Steel slag in acid mine drainage treatment and control

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Authors:Ziemkiewicz, Paul F.; Skousen, J. G.
Author Affiliations:Primary:
West Virginia University, National Mine Land Reclamation Center, Morgantown, WV, United States
New Mexico Energy, Minerals and Natural Resources, United States
Volume Title:Proceedings of the 16th annual National meeting of the American Society for Surface Mining and Reclamation; Mining and reclamation for the next millennium
Volume Authors:Bengson, Stuart A., editor; Bland, Douglas M.
Source:location varies [Proceedings of the Annual National Meeting - American Society for Surface Mining and Reclamation, Vol.16(Vol. 2), p.651-656; 16th annual National meeting of the American Society for Surface Mining and Reclamation, Scottsdale, AZ, Aug. 13-19, 1999, edited by Stuart A. Bengson and Douglas M. Bland. Publisher: American Society for Surface Mining and Reclamation,], United States
Publication Date:1999
Note:In English; 6 tables
Summary:Steel slags are composed of calcium alumino-silicate oxides. Most slags have a sandy texture, but others have a silty texture and give a fine, powdery feel. Neutralization potentials of steel slags range from 45 to 78%, which make them candidates for neutralizing the acidity in acid mine drainage. Analysis of total metal content in Mingo Junction steel slag shows high concentrations of aluminum, chromium, iron, manganese, and titanium. Upon leaching this slag with water, the leachate had a pH of 11.7 and an alkalinity of 1450 mg/L as CaCO3 equivalent. In general, steel slag yielded more alkalinity than equal weights of limestone (500 to 1500 mg/L compared to 60 to 80 mg/L) during leaching studies. Leaching the slag with water and a weak sulfuric acid solution showed that the metals contained in the slag were not readily leachable since these metals were found at low concentrations in the leachate. When different amounts of slag were mixed with an acid-producing coal refuse and then leached with water, pH values of the leachate varied between 3.5 and 7.3. Slightly elevated levels of selenium, nickel, manganese, and possibly iron were found in leachates of refuse/slag mixtures compared to refuse alone. Due to slag's high availability in some areas and low cost, steel slags show potential as an acid-neutralizing material for coal refuse and acid-producing spoils, and for treating acid mine drainage directly. If slag is to be used as an alkaline amendment, it must be added in sufficient quantities to ensure nonacid conditions now and in the future, since under acid conditions some metals may become available. Steel slag can also be used as a liming material for soils. The most promising use for steel slag is as a source of alkalinity to fresh waters that may subsequently encounter acid mine drainage, such as alkaline leach beds or limestone sand applications to headwater streams.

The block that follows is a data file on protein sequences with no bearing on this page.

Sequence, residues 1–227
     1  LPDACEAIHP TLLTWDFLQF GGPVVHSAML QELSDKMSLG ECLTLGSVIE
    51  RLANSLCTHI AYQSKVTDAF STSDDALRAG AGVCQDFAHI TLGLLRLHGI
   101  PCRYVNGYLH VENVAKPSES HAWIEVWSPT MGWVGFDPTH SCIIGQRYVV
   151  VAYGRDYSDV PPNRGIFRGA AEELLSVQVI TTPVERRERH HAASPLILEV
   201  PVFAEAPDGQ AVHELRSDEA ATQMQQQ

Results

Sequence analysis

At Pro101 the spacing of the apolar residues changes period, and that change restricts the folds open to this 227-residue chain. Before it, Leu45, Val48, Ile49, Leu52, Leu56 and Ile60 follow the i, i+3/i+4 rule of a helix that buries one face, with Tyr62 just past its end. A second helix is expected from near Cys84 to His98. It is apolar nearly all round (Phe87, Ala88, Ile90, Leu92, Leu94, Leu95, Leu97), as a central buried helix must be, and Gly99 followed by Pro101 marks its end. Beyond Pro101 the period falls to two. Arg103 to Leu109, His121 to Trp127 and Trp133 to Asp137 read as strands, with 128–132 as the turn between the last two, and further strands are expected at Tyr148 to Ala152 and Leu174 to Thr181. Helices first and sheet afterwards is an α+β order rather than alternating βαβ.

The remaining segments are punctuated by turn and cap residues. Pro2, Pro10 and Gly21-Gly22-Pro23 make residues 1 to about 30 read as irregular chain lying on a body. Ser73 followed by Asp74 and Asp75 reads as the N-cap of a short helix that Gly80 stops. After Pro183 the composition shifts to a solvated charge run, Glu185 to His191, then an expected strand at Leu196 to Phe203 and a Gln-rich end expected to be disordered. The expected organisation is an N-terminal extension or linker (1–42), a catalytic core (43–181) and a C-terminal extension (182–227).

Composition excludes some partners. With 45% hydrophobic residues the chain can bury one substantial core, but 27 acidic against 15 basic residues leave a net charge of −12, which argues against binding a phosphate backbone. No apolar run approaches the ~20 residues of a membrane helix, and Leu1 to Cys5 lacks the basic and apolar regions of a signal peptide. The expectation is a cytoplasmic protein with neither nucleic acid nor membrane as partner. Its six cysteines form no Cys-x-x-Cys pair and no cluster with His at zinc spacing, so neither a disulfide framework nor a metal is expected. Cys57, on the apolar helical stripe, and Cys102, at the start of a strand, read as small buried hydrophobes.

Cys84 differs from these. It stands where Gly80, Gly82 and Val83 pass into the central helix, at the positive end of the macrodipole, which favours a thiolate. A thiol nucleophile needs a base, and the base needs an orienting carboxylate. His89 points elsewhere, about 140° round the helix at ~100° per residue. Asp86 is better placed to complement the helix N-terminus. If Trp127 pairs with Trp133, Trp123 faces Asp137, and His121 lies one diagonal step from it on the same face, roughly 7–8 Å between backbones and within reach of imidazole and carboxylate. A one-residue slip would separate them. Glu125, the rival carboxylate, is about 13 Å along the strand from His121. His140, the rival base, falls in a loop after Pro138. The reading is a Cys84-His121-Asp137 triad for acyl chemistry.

Subjects:Acid mine drainage; Alkalinity; Controls; Leachate; Leaching; Permeability; PH; Pollution; Reclamation; Slag; Water treatment
Record ID:2001047985
Copyright Information:GeoRef, Copyright 2018 American Geosciences Institute.
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